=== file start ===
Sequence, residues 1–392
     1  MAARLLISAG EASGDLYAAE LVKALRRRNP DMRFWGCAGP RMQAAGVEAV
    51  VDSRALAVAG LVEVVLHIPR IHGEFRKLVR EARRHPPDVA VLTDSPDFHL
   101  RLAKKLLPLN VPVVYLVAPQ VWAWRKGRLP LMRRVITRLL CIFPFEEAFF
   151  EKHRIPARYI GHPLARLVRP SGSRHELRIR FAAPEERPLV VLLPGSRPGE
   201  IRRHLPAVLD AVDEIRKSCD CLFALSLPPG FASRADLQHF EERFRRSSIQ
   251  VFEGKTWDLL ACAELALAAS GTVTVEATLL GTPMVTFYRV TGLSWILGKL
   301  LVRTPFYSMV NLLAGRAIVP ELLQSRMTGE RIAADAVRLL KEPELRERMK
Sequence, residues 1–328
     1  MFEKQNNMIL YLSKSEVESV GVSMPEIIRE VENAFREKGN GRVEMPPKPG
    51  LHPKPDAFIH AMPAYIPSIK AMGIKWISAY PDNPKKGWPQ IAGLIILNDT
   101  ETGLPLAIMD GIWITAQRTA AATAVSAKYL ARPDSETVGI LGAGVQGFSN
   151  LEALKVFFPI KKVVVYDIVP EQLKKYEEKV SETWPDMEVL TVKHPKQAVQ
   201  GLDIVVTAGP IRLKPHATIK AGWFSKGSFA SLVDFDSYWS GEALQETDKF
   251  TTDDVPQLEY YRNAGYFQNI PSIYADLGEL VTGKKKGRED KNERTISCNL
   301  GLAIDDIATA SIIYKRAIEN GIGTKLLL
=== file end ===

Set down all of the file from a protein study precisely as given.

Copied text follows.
Sequence, residues 1–392
     1  MAARLLISAG EASGDLYAAE LVKALRRRNP DMRFWGCAGP RMQAAGVEAV
    51  VDSRALAVAG LVEVVLHIPR IHGEFRKLVR EARRHPPDVA VLTDSPDFHL
   101  RLAKKLLPLN VPVVYLVAPQ VWAWRKGRLP LMRRVITRLL CIFPFEEAFF
   151  EKHRIPARYI GHPLARLVRP SGSRHELRIR FAAPEERPLV VLLPGSRPGE
   201  IRRHLPAVLD AVDEIRKSCD CLFALSLPPG FASRADLQHF EERFRRSSIQ
   251  VFEGKTWDLL ACAELALAAS GTVTVEATLL GTPMVTFYRV TGLSWILGKL
   301  LVRTPFYSMV NLLAGRAIVP ELLQSRMTGE RIAADAVRLL KEPELRERMK
Sequence, residues 1–328
     1  MFEKQNNMIL YLSKSEVESV GVSMPEIIRE VENAFREKGN GRVEMPPKPG
    51  LHPKPDAFIH AMPAYIPSIK AMGIKWISAY PDNPKKGWPQ IAGLIILNDT
   101  ETGLPLAIMD GIWITAQRTA AATAVSAKYL ARPDSETVGI LGAGVQGFSN
   151  LEALKVFFPI KKVVVYDIVP EQLKKYEEKV SETWPDMEVL TVKHPKQAVQ
   201  GLDIVVTAGP IRLKPHATIK AGWFSKGSFA SLVDFDSYWS GEALQETDKF
   251  TTDDVPQLEY YRNAGYFQNI PSIYADLGEL VTGKKKGRED KNERTISCNL
   301  GLAIDDIATA SIIYKRAIEN GIGTKLLL